Tissue regeneration using endothelial colony-forming cells: promising cells for vascular repair

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Repairing and rebuilding damaged tissue in diseased human subjects remains a daunting challenge for clinical medicine. Proper vascular formation that serves to deliver blood-borne nutrients and adequate levels of oxygen and to remove wastes is critical for successful tissue regeneration. Endothelial colony-forming cells (ECFC) represent a promising cell source for revascularization of damaged tissue. ECFCs are identified by displaying a hierarchy of clonal proliferative potential and by pronounced postnatal vascularization ability in vivo. In this review, we provide a brief overview of human ECFC isolation and characterization, a survey of a number of animal models of human disease in which ECFCs have been shown to have prominent roles in tissue repair, and a summary of current challenges that must be overcome before moving ECFC into human subjects as a cell therapy.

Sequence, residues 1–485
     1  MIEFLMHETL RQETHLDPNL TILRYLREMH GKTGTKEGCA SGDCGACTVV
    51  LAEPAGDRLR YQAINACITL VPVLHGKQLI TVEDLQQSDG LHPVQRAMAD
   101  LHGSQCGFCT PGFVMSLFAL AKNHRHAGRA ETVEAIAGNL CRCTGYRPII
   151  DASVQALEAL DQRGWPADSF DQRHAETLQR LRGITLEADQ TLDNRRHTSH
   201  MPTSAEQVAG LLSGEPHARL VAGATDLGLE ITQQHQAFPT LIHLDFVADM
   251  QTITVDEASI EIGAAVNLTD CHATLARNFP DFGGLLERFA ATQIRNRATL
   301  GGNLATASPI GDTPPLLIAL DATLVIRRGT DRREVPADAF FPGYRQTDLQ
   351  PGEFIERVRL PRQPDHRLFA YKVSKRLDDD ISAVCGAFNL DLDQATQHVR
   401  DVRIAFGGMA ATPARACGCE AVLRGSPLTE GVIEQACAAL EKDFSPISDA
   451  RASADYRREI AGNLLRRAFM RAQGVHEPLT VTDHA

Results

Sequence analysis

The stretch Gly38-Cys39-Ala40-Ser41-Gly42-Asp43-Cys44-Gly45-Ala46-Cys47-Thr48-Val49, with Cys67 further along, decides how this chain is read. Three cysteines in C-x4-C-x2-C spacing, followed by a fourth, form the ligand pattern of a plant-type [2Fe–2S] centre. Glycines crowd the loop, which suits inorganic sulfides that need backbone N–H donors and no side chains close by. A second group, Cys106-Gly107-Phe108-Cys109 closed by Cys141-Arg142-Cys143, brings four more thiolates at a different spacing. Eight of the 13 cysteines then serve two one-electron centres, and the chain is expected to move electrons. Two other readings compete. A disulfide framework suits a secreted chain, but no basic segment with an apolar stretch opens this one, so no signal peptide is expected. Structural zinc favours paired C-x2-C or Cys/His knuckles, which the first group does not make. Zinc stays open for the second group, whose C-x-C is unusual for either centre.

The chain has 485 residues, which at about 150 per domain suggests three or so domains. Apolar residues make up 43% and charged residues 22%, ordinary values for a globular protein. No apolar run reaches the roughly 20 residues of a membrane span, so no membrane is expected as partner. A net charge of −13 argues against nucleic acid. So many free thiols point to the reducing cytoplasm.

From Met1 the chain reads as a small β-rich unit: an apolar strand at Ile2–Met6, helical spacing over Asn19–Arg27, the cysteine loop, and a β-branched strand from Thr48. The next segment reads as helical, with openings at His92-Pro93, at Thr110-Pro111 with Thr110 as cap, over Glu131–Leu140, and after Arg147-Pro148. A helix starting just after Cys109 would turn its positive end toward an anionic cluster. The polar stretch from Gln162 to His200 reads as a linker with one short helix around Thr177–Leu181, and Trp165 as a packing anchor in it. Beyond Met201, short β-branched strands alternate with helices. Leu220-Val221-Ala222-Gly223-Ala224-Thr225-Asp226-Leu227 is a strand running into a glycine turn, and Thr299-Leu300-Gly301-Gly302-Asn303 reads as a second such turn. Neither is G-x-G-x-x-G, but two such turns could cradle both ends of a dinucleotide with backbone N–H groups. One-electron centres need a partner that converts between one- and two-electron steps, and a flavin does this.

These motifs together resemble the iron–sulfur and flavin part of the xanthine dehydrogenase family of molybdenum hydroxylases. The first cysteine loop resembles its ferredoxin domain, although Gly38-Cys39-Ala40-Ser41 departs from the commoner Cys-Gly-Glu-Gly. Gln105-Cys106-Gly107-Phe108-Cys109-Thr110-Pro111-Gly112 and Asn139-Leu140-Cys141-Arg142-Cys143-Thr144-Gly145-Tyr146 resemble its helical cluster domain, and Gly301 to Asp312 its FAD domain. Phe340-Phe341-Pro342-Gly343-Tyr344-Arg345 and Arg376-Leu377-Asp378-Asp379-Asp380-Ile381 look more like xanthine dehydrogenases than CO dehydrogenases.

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Correspondence to Mervin C Yoder.

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